Justin Kan’s hybrid legal software and law firm startup Atrium is shutting down today after failing to figure out how to deliver better efficiency than a traditional law firm, the CEO tells TechCrunch exclusively. The startup has now laid off all its employees, which totaled just over 100. It will return some of its $75.5 […]
Source: $75M legal startup Atrium shuts down, lays off 100 | TechCrunch
Spot is an NSMIv2 entity/issue spotter built by Suffolk University’s Legal Innovation and Technology (LIT) Lab. Spot builds upon data from the Learned Hands online game, a partnership between the LIT Lab and Stanford’s Legal Design Lab. Learned Hands aims to crowdsource the labeling of laypeople’s legal questions for the training of machine learning (ML) classifiers/issue spotters.
Source: Spot API Performance
In a nut shell you send a legal question and it returns a set of NSMIv2 tags. One could then use the those tags to link to resources that are using NSMI to tag/classify data. One catch here is that it is not clear how many public websites are using NSMI to tag content.
How We Helped Our Reporters Learn to Love Spreadsheets https://open.nytimes.com/how-we-helped-our-reporters-learn-to-love-spreadsheets-adc43a93b919
This is how the NY Times answered the “should reporters learn to code” question. Turns out a little tech fluency goes a long way. There’s something here to emulate in legal education and the practice of law.
Virtually nowhere to be found were the 90 percent of lawyers who practice outside biglaw, the business clients who do not run mega-corporations, the access-to-justice community, or those disenfranchised from the legal system.
— Five Days, Two Conferences, One Echo Chamber | LawSites https://www.lawsitesblog.com/2019/02/five-days-two-conferences-one-echo-chamber.html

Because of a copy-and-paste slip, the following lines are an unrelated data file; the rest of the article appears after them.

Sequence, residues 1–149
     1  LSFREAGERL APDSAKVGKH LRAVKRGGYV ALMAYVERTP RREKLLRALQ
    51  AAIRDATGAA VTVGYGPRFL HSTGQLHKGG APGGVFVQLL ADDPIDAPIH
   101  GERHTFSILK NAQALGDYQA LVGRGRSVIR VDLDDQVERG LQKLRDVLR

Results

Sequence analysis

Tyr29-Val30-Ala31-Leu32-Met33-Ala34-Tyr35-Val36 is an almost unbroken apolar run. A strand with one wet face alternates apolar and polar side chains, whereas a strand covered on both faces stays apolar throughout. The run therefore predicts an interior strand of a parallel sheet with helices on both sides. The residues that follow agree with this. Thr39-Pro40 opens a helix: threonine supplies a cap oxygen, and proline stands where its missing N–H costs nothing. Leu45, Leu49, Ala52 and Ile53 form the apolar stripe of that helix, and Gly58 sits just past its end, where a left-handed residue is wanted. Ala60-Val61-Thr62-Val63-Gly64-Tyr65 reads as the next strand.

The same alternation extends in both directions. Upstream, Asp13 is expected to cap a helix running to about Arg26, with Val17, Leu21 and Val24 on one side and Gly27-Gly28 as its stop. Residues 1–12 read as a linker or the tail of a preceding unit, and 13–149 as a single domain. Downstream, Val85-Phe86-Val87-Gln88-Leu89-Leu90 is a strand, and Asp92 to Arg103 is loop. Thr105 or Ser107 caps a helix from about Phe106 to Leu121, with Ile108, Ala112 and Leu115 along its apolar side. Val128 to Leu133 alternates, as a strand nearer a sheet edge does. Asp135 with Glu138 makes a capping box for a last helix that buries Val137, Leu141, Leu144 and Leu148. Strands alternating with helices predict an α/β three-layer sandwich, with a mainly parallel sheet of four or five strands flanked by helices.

This popped up on my Github feed recently. Looks like Prof. Michael Poulshock is taking a shot at using Github to manage materials for his Legal Decision Technology course being taught in the Spring 2018 semester at Drexel University Thomas R. Kline School of Law. The course itself looks pretty interesting, according to the syllabus:
This course explores how legal decision technology can be used to expand public access to legal information. Students will learn about cutting edge legal decision technologies, hone their statutory interpretation skills, and build interactive apps that answer specific legal questions. This is a hands-on, lab-style class, but no prior programming experience is required.
The course is going to make use of tool called Oracle Policy Modeling which I had not heard of before but seems interesting. Heck, I’m even going to download a copy and take it for a spin.
Always great to see law professors taking advantage of interesting tool in the courses they teach. Maybe Prof. Poulshock will head to CALIcon18 in June to talk about the course and how it went.
The Github repo is at https://github.com/mpoulshock/Drexel-Legal-Decision-Technology-Spring-2018
3 Geeks and a Law Blog: Say Hello to Casetext’s CARA – Case Analysis Research Assistant http://www.geeklawblog.com/2016/08/say-hello-to-casetexts-cara-case.html
3 Geeks and a Law Blog: Teaching Technology in the Academy – Dean’s Roundtable Part 2 – The ABA Annual Meeting (West Coast) edition – http://www.geeklawblog.com/2016/07/teaching-technology-in-academy-deans.html